35. 35. Cancer drug thwarts malaria Activation of a PAK-MEK signalling pathway inIN THE wake of World Malaria Day on Monday Human interest, impact on society malaria parasite-infected erythrocytes Catchy titlecomes news that certain anti-cancer drugs might Merozoites of malaria parasites invade red bloodalso work against the malarial parasite.inhibitors cells (RBCs), where they multiply by schizogony, Kinase are a new class ofThere were 780,000 deaths and 225 milliondrugs undergoing development through ring, anticancercases of malaria in 2009. With resistance to trophozoite and schizont stages that areexisting anti-malarial drugs growing all the time, responsible for malaria pathogenesis. Here, weSelective informationnew weapons against the disease are a priority. report that a protein kinase-mediated signallingSimple language colleagues haveNow C. Doerig (...) and pathway involving host RBC PAK1 and MEK1,discovered that Plasmodium falciparum, the which do not have orthologues in theparasite that causes malaria, co-opts two red Plasmodium kinome, is selectively stimulated inblood cell proteins called kinases. Many new Plasmodium falciparum-infected (versuscancer treatments also target kinases, and when uninfected) RBCs, as determined by the use ofthe team exposed malaria-infected red blood phospho-specific antibodies directed against the Simple and catchy activated forms of these enzymes.cells and liver cells to some of these "kinaseinhibitors", they killed the bug but not the cells. Pharmacological interference with host MEK and"Our discovery opens up new ways to potentially PAK function using highly specific allostericcombat malaria," says Doerig, although he inhibitors in their known cellular IC50 rangescautions that the work is very preliminary. results in parasite death. Furthermore, MEKHowever, the team is in discussions with inhibitors have parasiticidal effects ...on thepharmaceutical companies to test more kinase rodent malaria parasite Plasmodium berghei,inhibitors, especially those that have proved safe indicating conservation of this subversivein clinical trials but didnt make the grade as strategy in malaria parasites. These findings havecancer drugs. profound implications for the development of novel strategies for antimalarial chemotherapy.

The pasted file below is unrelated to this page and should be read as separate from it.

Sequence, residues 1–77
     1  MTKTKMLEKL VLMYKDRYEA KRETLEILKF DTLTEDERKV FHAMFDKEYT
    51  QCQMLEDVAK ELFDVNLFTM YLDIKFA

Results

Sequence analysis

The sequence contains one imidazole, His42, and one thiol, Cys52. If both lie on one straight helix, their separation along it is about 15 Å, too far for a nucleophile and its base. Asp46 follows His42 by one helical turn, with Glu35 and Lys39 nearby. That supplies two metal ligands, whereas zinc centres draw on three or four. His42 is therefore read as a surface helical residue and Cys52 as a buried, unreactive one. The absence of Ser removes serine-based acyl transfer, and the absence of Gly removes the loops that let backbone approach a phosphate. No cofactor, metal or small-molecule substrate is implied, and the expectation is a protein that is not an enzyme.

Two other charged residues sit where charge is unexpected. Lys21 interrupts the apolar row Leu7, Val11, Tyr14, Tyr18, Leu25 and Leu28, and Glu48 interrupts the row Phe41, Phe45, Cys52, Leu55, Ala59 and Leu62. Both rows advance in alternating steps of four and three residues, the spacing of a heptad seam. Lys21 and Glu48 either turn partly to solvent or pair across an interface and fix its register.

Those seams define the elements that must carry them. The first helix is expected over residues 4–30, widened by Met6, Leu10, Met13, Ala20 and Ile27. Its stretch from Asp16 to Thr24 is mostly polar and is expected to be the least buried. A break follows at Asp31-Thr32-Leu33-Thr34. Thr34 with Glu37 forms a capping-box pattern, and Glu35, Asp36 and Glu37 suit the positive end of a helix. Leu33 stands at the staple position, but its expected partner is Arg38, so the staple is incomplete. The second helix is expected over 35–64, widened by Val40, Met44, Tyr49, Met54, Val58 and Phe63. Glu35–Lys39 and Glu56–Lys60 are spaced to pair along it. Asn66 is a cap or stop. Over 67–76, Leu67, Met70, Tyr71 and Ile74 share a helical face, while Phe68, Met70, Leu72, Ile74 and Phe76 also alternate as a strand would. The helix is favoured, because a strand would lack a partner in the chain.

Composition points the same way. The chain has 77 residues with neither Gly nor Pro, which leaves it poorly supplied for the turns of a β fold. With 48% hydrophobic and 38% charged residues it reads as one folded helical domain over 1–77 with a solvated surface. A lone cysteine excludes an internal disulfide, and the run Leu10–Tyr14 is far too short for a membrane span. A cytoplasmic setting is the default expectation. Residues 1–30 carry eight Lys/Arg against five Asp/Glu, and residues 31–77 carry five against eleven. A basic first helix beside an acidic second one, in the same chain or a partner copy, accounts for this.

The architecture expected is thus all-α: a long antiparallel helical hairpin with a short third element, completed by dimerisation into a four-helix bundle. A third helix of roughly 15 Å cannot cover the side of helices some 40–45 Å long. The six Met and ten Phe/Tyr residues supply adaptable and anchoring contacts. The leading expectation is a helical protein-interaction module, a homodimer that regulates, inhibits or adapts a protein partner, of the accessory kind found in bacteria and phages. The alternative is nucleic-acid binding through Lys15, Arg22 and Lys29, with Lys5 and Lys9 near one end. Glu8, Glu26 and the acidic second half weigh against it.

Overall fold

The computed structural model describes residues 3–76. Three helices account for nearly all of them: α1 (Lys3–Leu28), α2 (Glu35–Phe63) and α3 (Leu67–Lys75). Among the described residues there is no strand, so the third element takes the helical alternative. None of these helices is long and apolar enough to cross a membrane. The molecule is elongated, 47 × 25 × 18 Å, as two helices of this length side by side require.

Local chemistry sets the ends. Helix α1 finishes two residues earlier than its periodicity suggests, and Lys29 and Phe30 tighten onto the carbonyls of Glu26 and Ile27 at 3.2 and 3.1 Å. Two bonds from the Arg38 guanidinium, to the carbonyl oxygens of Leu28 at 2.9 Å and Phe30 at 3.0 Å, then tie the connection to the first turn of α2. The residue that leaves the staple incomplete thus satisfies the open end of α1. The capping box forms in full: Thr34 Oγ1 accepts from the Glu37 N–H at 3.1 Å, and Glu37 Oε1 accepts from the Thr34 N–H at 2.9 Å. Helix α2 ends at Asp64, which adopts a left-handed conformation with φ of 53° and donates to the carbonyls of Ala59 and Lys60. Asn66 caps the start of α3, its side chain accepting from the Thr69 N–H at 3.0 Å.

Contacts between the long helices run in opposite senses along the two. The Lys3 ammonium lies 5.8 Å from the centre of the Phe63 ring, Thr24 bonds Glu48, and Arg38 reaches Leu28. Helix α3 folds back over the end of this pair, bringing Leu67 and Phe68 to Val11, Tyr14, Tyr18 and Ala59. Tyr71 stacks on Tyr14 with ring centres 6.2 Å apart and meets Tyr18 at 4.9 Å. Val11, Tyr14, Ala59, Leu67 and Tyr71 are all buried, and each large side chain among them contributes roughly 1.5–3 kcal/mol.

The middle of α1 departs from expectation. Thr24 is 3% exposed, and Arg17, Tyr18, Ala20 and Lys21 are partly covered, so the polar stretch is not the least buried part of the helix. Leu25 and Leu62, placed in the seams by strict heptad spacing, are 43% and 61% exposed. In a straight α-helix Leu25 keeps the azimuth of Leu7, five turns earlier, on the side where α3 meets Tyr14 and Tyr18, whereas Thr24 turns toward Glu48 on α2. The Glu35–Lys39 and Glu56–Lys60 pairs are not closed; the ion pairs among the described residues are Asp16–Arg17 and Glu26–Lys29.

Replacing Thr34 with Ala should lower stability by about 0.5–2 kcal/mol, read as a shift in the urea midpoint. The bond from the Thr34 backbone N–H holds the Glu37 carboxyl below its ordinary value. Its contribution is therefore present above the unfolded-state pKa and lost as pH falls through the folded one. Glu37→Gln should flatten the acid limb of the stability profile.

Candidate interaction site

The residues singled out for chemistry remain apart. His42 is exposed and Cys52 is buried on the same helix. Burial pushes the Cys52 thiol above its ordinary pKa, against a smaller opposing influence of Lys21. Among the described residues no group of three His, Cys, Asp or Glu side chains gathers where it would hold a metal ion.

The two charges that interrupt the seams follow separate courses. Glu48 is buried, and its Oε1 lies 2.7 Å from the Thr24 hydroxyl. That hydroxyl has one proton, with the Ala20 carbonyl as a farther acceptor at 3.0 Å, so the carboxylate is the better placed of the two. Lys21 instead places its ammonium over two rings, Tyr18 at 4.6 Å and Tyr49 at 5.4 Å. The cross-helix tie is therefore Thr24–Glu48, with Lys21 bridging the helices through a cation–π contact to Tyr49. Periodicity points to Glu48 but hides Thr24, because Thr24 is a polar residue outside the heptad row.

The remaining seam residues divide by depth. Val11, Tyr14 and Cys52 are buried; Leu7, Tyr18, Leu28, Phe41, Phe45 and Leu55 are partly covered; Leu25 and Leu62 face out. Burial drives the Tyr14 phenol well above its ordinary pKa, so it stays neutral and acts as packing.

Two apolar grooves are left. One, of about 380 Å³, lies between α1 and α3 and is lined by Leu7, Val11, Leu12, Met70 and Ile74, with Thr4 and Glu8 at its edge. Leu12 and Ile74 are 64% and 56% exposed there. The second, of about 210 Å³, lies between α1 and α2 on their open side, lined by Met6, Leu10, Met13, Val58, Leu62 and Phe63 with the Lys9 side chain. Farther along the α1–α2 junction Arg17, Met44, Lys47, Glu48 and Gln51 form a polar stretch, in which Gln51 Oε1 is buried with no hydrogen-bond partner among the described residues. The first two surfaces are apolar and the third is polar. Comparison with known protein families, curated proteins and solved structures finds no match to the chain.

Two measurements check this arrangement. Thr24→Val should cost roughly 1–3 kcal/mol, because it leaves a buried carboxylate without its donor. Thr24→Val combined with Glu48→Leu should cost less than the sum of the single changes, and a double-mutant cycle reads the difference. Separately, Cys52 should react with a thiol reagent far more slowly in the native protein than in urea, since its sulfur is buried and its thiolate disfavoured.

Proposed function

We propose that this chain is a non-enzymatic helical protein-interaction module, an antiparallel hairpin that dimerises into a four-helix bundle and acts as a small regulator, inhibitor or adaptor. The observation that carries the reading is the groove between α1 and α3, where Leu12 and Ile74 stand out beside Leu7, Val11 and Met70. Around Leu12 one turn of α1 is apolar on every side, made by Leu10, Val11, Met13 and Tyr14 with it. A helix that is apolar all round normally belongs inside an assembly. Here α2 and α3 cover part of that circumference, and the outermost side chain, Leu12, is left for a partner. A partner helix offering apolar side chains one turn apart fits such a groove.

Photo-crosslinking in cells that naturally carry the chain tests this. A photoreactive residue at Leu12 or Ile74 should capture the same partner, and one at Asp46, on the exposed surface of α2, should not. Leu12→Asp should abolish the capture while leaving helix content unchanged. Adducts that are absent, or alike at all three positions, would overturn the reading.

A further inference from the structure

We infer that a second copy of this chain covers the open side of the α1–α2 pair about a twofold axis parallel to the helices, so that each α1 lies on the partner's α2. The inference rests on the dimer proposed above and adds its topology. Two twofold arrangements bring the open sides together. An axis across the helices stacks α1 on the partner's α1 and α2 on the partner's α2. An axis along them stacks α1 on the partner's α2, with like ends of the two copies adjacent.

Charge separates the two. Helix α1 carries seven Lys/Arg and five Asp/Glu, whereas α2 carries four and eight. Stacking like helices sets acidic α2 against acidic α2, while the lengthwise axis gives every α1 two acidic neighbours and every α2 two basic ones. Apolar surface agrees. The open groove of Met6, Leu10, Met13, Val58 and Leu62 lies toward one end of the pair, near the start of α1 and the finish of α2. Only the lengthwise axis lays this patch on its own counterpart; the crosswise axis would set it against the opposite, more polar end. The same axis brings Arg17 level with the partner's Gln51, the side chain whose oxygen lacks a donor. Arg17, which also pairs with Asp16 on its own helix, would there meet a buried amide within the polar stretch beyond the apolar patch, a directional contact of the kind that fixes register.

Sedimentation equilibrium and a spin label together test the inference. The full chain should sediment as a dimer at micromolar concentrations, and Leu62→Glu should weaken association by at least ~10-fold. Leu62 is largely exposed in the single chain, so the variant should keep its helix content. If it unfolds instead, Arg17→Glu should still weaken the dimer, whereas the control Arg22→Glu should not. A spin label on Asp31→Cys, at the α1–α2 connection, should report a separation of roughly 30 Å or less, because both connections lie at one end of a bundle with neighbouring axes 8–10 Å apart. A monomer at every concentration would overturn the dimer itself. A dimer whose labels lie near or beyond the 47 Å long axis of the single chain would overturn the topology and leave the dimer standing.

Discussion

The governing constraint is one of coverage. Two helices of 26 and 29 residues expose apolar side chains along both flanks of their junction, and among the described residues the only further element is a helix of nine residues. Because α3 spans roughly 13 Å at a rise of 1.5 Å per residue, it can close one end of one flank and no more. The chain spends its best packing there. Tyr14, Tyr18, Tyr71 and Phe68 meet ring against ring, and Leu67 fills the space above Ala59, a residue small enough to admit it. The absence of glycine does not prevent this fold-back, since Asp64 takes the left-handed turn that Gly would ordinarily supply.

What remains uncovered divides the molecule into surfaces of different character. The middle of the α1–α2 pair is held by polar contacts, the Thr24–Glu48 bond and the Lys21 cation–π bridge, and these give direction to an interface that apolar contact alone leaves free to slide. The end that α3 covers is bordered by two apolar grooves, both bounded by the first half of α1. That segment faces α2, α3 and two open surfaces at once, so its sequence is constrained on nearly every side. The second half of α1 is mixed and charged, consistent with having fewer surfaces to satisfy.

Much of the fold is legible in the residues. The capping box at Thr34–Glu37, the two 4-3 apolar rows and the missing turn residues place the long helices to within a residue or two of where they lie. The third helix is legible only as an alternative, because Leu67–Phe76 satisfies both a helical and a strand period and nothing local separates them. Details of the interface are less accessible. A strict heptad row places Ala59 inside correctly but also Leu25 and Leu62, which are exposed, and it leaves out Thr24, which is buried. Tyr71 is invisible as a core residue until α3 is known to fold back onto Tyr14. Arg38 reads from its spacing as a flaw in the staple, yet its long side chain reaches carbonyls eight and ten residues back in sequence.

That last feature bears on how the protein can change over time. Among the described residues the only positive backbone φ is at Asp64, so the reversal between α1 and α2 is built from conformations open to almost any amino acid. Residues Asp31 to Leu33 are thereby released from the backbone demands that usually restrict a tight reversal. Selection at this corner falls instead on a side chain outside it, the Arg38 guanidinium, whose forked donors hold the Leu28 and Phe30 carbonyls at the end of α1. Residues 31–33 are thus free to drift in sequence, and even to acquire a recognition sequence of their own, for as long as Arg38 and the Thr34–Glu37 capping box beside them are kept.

36. 36. Inhibition of TLR8- and TLR4-induced Type I IFN induction by alcohol isdifferent from its effects on inflammatory cytokine production in monocytesProlonged alcohol consumption is a significant Alcoholco-factor in the progression of chronic viral isminfections including hepatitis C and HIV, which are Related to diseaseboth single-stranded RNA viruses. progressionToll like receptor 8 (TLR8), a pattern recognitionreceptor expressed in monocytes, senses viral Virus presencesingle stranded RNA as a danger signal andleads to the induction of Type I interferon (IFN) as Leads towell as the pro-inflammatory cytokine, tumor immune systemnecrosis factor alpha (TNF alpha) reponse AlcoholThese novel results suggest first, that alcohol has supressesa profound inhibitory effect on Type I IFN virusinduction regardless of intracellular (TLR8) or cell activated Alcohol immune (?bingesurface-derived (TLR4) danger signals. Second, system drinking &both acute and prolonged alcohol exposure can response chronicinhibit antiviral Type I IFN pathway activation. alcohol abuse)
  37. 37. Too much alcohol dulls more than your wits. It also weakens Alcohol your immune system and could make you much more ism vulnerable to viruses, including HIV. Related to To see how alcohol affects resistance to infection, Gyongyi disease Szabo (...) and colleagues exposed monocytes – white bloodprogression cells involved in the front-line defence against infection – to chemicals that mimic viruses and bacteria. Half of the cellsVirus presence were also soused in the levels of alcohol that a person might have in their blood after quaffing four or five alcoholic drinks daily for a week. Leads to Alcohol blunted the monocytes defences. When the over-the- immune limit cells were exposed to a virus mimic, they produced only a quarter as much of the virus-fighting signalling molecule called system type-1 interferon as teetotal monocytes made. reponse Alcohol "Interferon is pivotal, the first response to any viral infection," supresses says Szabo. "Theres no viral elimination without it." Szabo says that the results fit with evidence from medical virus records that chronic heavy drinkers with HIV die sooner than activated Alcohol non-drinkers. They also fit with earlier studies showing that the immune immune system of heavy drinkers might be less vigilant (?binge system against cancer. drinking & response Szabo says heavy drinkers should beware of damaging their chronic immune systems. alcohol
  38. 38. Style Guide Document & House Style Define your Audience Personal Writing StyleFlexibility,
  39. 39. Personal Writing Style• Learn the rules before playing with them!• There is often more than one correct way to say something.• Elements of style: use them as your weapons! – Simple sentences – Active Voice – Renovating long sentences – Writing paragraphs
  40. 40. Simple sentencesWHAT?• Strict definition: one independent clause (idea)• Practical definition: limit ideas, length Short Simple sentence (strict definition) We are studying. Simple long sentence (strict definition) We are studying punctuation, grammar, scientific writing, elements of style and paragraphs. Simple sentence (practical definition) We are learning about punctuation, grammar, scientific writing, elements of style and paragraphs.
  41. 41. Simple SentencesWHY?• Effective Communication• Punchy, Powerful, Energy.• Long sentences are difficult to write well.• Badly written sentences are confusing.